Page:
One-Touch Option

AAA

DEFINITION of 'One-Touch Option'

A type of exotic option that gives an investor a payout once the price of the underlying asset reaches or surpasses a predetermined barrier. This type of option allows the investor to set the position of the barrier, the time to expiration and the payout to be received once the barrier is broken.

INVESTOPEDIA EXPLAINS 'One-Touch Option'

Only two outcomes are possible with this type of option: 1) the barrier is breached and the trader collects the full payout agreed upon at the outset of the contract, or 2) the barrier is not breached and the trader loses the full premium paid to the broker.

This type of option is useful for traders who believe that the price of an underlying asset will exceed a certain level in the future, but who are not sure that the higher price level is sustainable. Because a one-touch option only has one barrier level, it is generally slightly less expensive than a double one-touch option. These types of options are becoming more popular with traders in the commodity and forex markets.

RELATED TERMS
  1. Barrier Option

    A type of option whose payoff depends on whether or not the underlying ...
  2. Expiration Date (Derivatives)

    The last day that an options or futures contract is valid. When ...
  3. Knock-In Option

    A latent option contract that begins to function as a normal ...
  4. Digital Option

    An option whose payout is fixed after the underlying stock exceeds ...
  5. Forex - FX

    The market in which currencies are traded. The forex market is ...
  6. Strike Price

    The price at which a specific derivative contract can be exercised. ...
Related Articles
  1. Options & Futures

    Options Basics Tutorial

    Discover the world of options, from primary concepts to how options work and why you might use them.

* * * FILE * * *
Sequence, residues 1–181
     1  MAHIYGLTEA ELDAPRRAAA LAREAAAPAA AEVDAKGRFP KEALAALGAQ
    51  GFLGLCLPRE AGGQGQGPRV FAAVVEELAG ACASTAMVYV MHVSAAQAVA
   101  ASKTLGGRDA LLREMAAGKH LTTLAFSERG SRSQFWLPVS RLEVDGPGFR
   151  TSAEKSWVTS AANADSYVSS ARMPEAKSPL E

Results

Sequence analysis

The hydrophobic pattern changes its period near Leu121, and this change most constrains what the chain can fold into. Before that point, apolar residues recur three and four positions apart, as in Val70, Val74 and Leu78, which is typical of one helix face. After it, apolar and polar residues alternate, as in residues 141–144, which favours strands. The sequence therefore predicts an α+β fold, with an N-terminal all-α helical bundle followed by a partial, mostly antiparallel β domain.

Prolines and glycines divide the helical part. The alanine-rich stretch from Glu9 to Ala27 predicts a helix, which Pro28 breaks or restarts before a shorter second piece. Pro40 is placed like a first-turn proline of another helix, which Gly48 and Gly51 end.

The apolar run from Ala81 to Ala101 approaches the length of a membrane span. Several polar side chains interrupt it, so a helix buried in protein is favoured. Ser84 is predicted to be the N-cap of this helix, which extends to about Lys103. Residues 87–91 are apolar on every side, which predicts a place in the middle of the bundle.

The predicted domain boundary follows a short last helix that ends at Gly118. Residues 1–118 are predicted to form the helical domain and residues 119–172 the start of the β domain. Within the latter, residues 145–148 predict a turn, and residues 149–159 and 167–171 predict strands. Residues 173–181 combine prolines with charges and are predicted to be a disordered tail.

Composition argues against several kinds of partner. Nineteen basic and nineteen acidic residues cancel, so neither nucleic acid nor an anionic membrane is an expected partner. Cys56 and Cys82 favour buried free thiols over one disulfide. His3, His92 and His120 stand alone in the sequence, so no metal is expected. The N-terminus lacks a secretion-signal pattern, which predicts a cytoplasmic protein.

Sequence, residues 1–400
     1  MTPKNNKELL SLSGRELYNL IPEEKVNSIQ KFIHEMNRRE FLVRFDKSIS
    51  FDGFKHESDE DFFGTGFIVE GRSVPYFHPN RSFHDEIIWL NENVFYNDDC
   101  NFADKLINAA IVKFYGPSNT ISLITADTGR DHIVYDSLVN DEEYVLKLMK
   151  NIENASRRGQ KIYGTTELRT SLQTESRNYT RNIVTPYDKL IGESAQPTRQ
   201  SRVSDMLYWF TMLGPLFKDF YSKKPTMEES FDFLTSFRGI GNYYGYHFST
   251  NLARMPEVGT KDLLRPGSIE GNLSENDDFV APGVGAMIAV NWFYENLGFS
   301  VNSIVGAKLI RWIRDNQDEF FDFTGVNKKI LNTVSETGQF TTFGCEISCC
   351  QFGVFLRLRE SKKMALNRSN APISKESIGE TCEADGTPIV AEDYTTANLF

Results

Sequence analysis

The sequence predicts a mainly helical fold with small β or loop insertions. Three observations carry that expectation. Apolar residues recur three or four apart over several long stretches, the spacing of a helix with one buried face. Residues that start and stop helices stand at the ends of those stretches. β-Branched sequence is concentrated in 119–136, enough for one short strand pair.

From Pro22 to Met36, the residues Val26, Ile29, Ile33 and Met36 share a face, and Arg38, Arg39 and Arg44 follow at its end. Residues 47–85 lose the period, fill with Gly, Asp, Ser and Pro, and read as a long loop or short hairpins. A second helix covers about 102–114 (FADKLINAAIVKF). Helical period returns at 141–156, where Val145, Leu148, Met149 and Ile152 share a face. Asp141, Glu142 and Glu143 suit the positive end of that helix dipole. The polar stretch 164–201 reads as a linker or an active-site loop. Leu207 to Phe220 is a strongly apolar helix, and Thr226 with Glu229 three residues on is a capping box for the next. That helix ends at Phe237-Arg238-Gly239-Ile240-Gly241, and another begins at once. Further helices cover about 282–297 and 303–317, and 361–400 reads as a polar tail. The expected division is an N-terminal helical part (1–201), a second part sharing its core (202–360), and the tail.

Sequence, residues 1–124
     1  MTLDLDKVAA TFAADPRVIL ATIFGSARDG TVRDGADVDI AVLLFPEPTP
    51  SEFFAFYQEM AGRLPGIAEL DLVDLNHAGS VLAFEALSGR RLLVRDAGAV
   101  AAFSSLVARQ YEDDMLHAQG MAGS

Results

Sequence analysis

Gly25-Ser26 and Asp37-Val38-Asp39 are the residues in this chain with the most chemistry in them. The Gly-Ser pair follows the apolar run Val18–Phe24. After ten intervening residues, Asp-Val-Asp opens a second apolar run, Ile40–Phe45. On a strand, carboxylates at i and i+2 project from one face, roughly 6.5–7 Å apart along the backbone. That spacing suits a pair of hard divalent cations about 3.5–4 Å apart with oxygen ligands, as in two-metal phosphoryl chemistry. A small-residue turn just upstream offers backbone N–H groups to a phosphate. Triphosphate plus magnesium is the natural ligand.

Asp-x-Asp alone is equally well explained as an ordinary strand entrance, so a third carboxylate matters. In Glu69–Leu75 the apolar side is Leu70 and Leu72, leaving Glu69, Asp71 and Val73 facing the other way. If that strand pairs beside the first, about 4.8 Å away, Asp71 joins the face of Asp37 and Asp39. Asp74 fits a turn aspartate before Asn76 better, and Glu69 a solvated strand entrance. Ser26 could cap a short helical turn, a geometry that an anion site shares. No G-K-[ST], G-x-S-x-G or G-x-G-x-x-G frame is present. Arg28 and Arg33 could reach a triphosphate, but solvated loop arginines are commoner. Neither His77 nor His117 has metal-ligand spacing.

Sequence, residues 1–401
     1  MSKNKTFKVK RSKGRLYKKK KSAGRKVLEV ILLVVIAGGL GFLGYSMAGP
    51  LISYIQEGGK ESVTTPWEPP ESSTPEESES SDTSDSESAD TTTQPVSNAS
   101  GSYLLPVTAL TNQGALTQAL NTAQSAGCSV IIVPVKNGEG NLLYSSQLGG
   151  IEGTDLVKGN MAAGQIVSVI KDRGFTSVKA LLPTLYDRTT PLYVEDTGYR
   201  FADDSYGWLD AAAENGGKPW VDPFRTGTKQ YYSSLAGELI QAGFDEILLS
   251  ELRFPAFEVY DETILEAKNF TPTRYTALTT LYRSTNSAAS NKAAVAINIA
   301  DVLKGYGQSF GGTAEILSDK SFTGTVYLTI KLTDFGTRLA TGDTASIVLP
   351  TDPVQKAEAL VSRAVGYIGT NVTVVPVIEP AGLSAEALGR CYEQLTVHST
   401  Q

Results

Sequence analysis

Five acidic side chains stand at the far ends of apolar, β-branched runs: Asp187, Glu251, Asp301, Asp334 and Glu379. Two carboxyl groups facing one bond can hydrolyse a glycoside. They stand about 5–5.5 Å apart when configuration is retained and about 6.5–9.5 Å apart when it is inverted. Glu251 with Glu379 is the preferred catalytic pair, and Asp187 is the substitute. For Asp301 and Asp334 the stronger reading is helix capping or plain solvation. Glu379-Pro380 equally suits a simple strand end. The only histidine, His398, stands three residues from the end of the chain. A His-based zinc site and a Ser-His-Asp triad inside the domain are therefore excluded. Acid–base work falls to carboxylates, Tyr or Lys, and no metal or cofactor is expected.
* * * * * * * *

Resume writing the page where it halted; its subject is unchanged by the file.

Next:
2. Forex Education

    How To Trade Forex On News Releases

    When economic data comes out, it can have a marked impact on the currency market. Find out how to profit.
  3. Options & Futures

    What do all of the letters in a stock option ticker symbol mean?

    The option ticker explains four main things about the option: the underlying stock, whether it is a call or a put option, the expiration month and the strike price. An option ticker is quoted ...
  4. Options & Futures

    What's the difference between a regular option and an exotic option?

    Before learning about exotic options, you should have a fairly good understanding of regular options. Both types of options share the idea of having the right to buy or sell an asset in the future, ...
  5. Options & Futures

    What is the difference between arbitrage and hedging?

    Dive into two very important financial concepts: arbitrage and hedging. See how each of these strategies can play a role for savvy investors.
  6. Options & Futures

    A Detailed Look Into China's Options Market

    As the Chinese options market gradually takes shape, we provide an overview, including details of the initial phase and building blocks, primary beneficiaries, the impact on the overall financial ...
  7. Options & Futures

    How do you trade put options on E*TRADE?

    Learn all about put option trading at E*TRADE. Explore margin accounts and become familiar with the different types of option writing.
  8. Trading Systems & Software

    How do you trade put options on Ameritrade?

    Learn about option trading with TD Ameritrade. Explore the different types of options and their possible impacts on the investors that write them.
  9. Options & Futures

    Avoid These 10 Mistakes When Trading in Cheap Options

    Cheap options can be very risky. Reduce your risk by avoiding these 10 common mistakes in trading in cheap options.
  10. Options & Futures

    What is the difference between a short position and a short sale?

    Learn how short selling and short positioning are different, specifically in regards to the nature of the commodity being bought and sold.

You May Also Like

Hot Definitions
  1. Multiplier Effect

    The expansion of a country's money supply that results from banks being able to lend. The size of the multiplier effect depends ...
  2. Command Economy

    A system where the government, rather than the free market, determines what goods should be produced, how much should be ...
  3. Prospectus

    A formal legal document, which is required by and filed with the Securities and Exchange Commission, that provides details ...
  4. Treasury Bond - T-Bond

    A marketable, fixed-interest U.S. government debt security with a maturity of more than 10 years. Treasury bonds make interest ...
  5. Weight Of Ice, Snow Or Sleet Insurance

    Financial protection against damage caused to property by winter weather specifically, damage caused if a roof caves in because ...
  6. Weather Insurance

    A type of protection against a financial loss that may be incurred because of rain, snow, storms, wind, fog, undesirable ...
Trading Center